Where Monsoons Meet No. 7
Being a miscellany of recent stories from Southeast Asia.
- Malaysia. The story of Malaysia's threat to expel hundreds of thousands of undocumented migrant workers has taken a new twist. There is a report here about police arresting a number of government officials suspected of selling residency permits to criminals involved in people trafficking. This comes on top of a major worry that unscrupulous employers will further exploit foreign workers by withholding pay during the temporary suspension of the mass deportation order that was due to come into effect at the beginning of the month. The treatment of migrant workers is simply appalling and inhumane. The government threatens them with jail and whipping for overstaying; employers regularly abuse the terms and conditions of work; and the police and immigration officers routinely extort money from them. There should be plenty for the Malaysian prime minister, Abdullah Badawi, and the Indonesian president, Susilo Bambang Yudhoyono, to talk about tomorrow.
- Philippines. The fighting that erupted on Monday in the southern island of Jolo continues and is the heaviest in conflict-ridden Mindanao for years. The battle pitches the Philippine military against separatists from the Abu Sayyaf and a splinter group of the Moro National Liberation Front (MNLF) who follow the jailed leader Nur Misuari. Already, the BBC is reporting more than 90 deaths from both sides while the Philippine press is estimating that there are more than 16,000 refugees. Local politicians say that there have been many civilian casualities. The rhetoric of both sides is couched in fairly apocalyptic tones. The military is claiming that the separatists "are taking a last stand in the mountains". For their part, a Misuari ally counters that the separatists "do not like to surrender, they will fight to the death". Unfortunately, the latter scenario is the more likely. But when the smoke of the battlefield has cleared and the body bags have been filled the political destiny of the Moro people in Mindanao will be as unresolved as ever. And the immediate fear? An excuse for martial law.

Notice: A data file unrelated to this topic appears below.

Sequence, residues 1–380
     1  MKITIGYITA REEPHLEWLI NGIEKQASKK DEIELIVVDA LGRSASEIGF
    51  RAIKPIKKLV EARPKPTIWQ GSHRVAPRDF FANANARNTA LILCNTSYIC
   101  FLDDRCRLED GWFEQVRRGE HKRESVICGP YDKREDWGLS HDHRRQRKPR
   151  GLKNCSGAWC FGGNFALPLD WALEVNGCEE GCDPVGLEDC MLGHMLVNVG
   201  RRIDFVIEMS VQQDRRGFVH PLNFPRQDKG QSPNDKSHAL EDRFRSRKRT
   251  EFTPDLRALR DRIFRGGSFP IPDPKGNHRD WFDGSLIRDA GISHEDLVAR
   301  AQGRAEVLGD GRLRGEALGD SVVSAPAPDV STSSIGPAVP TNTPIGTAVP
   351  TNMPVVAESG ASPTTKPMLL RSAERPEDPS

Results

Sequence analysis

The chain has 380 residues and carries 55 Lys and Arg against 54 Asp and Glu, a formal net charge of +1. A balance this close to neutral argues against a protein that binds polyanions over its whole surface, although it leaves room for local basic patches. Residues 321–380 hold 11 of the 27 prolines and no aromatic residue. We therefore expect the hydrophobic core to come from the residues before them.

- Indonesia-Aceh. The Jakarta Post is carrying testimonies of survivors of December's earthquake-tsunami catastrophe. They point to the long-term psychological trauma that many people are suffering as a result of deeply-felt loss. Here is the voice of Ratnawati, who lost her husband and two children in the tsunami and no longer has hopes or dreams of the future: "I do not know what to do any more. I want to join my husband and children. I do not know what I should live the rest of my life for because I have nobody". The pain is stark. We can only hope that Ratnawati, and hundreds of thousands like her, rediscover the reason to live. And I can only hope that we - you and I - can remember the value of solidarity.